369 F.2d 684
NATIONAL LABOR RELATIONS BOARD, Petitioner,
UNITED BROTHERHOOD OF CARPENTERS & JOINERS OF AMERICA, LOCAL
1281, AFL-CIO, Respondent.
United States Court of Appeals Ninth Circuit.
Nov. 23, 1966.
Arnold Ordman, Gen. Counsel, Dominick L. Manoli, Associate Gen. Counsel, Marcel Mallet-Prevost, Asst. Gen. Counsel, Nancy M. Sherman, Gregory I. Hellrung, Attys., National Labor Relations Board, Washington, D.C., for petitioner.
Victor J. Van Bourg, Stewart Weinberg, of Levy, DeRoy, Geffner & Van Bourg, San Francisco, Cal., for respondent.
Before CHAMBERS, POPE and MERRILL, Circuit Judges.
The National Labor Relations Board has entered an order requiring respondent union to cease and desist from causing or attempting to cause Rayber-Kief, Inc., to deny employment to, or in any other manner discriminate against, Ivan DiBoff, in violation of section 8(a)(3) of the National Labor Relations Act; or from denying a referral to, or in any other way discriminating against DiBoff for engaging in activities as a union member or from in any like or related manner restraining or coercing the company's employees in the exercise of their statutory rights. Affirmatively the union was required to notify the company that it had no objection to the continued employment of DiBoff and to make DiBoff whole for loss of wages and to post appropriate notices. 152 N.L.R.B. No. 48.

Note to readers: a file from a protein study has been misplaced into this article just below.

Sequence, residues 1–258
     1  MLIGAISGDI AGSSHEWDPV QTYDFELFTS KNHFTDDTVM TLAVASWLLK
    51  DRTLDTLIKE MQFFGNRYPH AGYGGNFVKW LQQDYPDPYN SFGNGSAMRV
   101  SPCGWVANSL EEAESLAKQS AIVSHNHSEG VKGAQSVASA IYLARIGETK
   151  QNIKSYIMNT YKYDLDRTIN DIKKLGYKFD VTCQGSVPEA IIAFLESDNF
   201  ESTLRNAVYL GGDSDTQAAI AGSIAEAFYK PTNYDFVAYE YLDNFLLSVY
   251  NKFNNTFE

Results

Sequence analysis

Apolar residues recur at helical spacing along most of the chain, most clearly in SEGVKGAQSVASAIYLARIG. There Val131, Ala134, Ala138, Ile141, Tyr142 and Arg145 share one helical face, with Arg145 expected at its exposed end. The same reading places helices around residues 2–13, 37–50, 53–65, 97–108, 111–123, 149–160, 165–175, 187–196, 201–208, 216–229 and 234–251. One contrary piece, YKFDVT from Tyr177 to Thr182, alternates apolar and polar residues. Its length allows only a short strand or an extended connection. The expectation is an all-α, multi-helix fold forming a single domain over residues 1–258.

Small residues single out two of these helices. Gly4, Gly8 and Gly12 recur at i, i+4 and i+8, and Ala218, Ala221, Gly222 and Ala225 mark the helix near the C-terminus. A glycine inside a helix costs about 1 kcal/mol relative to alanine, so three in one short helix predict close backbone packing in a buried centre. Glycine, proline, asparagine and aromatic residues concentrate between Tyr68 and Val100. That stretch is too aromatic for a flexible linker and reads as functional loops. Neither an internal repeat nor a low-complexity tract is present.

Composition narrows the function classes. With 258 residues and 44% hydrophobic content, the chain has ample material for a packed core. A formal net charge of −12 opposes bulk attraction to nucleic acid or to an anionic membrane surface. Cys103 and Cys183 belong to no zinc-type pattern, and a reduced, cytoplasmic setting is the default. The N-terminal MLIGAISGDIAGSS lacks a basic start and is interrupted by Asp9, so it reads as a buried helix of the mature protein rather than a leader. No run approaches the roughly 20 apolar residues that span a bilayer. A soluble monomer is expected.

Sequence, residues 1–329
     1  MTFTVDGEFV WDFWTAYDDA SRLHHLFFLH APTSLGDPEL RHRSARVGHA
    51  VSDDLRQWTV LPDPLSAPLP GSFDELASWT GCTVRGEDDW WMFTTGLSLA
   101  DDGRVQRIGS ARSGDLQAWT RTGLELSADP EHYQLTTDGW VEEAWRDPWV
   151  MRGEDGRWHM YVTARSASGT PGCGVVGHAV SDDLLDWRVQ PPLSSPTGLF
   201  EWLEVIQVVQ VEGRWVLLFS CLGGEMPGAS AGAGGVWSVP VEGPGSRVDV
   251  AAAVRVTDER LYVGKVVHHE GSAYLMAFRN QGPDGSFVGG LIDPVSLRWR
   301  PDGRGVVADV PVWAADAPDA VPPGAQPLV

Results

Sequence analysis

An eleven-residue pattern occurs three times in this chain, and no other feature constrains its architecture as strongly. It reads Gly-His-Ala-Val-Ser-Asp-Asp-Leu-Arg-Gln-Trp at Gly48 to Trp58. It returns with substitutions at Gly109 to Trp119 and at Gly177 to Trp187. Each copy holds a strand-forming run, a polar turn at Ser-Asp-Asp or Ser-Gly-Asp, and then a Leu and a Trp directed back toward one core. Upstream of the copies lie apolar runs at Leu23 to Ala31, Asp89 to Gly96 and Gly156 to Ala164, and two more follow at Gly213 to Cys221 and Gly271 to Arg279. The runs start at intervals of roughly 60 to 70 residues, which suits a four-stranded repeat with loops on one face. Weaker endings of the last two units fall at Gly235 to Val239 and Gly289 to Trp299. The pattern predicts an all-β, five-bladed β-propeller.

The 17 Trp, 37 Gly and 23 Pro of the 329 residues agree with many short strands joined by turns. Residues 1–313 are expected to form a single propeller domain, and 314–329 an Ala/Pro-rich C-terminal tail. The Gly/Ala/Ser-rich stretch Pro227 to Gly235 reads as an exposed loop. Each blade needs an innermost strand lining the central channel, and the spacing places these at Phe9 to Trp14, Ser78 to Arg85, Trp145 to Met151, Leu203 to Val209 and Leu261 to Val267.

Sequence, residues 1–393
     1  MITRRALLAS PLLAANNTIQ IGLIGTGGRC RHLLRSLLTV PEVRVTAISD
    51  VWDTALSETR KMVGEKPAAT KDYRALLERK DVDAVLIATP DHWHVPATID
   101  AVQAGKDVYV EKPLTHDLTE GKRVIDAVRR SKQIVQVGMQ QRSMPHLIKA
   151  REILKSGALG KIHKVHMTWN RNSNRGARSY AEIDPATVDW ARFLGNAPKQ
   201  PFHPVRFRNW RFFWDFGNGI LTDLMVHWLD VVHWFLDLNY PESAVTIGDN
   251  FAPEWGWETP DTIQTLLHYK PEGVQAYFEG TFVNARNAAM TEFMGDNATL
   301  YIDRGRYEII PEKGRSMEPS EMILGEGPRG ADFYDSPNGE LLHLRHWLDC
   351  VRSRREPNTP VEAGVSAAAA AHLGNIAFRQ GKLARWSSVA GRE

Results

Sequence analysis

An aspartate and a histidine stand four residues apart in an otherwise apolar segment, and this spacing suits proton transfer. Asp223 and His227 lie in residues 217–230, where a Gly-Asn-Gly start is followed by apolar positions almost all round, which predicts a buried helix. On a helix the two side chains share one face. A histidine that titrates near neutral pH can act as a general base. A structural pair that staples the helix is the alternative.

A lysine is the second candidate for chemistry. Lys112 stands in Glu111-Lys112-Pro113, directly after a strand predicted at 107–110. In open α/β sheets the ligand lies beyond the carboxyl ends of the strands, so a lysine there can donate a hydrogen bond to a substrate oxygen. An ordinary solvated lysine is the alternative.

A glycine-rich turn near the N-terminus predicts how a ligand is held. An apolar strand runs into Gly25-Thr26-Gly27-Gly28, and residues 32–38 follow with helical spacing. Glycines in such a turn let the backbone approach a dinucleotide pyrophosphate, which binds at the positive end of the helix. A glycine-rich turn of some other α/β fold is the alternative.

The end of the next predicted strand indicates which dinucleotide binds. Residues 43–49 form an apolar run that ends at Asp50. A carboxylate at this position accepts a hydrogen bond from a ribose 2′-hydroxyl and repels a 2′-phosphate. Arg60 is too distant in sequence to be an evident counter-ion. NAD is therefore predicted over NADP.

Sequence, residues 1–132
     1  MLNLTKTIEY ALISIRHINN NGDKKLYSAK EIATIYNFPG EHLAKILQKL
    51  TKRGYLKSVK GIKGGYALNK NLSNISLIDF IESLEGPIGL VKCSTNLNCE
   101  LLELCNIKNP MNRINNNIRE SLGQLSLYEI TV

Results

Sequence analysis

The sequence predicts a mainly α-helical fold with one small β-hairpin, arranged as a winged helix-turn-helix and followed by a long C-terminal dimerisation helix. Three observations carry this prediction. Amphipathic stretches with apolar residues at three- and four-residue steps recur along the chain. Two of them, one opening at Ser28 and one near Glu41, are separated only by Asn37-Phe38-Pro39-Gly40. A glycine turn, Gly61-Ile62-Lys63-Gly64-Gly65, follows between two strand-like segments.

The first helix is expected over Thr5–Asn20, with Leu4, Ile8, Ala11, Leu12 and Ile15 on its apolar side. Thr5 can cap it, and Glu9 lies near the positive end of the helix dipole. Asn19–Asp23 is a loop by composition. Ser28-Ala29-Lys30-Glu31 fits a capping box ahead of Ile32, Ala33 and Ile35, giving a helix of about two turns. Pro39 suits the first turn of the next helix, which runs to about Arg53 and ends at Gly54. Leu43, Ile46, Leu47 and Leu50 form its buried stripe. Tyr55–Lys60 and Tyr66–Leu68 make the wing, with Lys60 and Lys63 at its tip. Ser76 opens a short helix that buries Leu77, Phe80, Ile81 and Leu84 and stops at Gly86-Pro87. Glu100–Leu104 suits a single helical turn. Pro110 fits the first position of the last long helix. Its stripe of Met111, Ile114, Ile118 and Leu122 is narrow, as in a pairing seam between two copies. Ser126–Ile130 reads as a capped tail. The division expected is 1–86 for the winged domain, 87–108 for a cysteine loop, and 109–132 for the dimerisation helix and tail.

The Board now petitions for enforcement, and respondent challenges the factual determinations of the Board upon two issues: (1) whether Powell, in operating the union hiring hall, discriminated against DiBoff; (2) if so, whether such discrimination was improperly motivated or was the result of innocent mistake. Upon neither issue were the Board's findings clearly erroneous.
There is ample support for the Board's finding that Powell referred other list 2 carpenters to Rayber-Kief in disregard of its agreed quota while denying such reference to DiBoff. There is no basis for an assumption that the referred carpenters were requested by name, and in any case an inference of a continuing request for DiBoff was available under the facts. The Board was not in error in holding that such conduct amounted to discrimination.
The union asserts that in finding that the discrimination was motivated by animus, the Board has disregarded credibility determinations of the hearing examiner. We disagree. The hearing examiner did not reach this question, having concluded that there was no discrimination.
The Board's order is entitled to enforcement.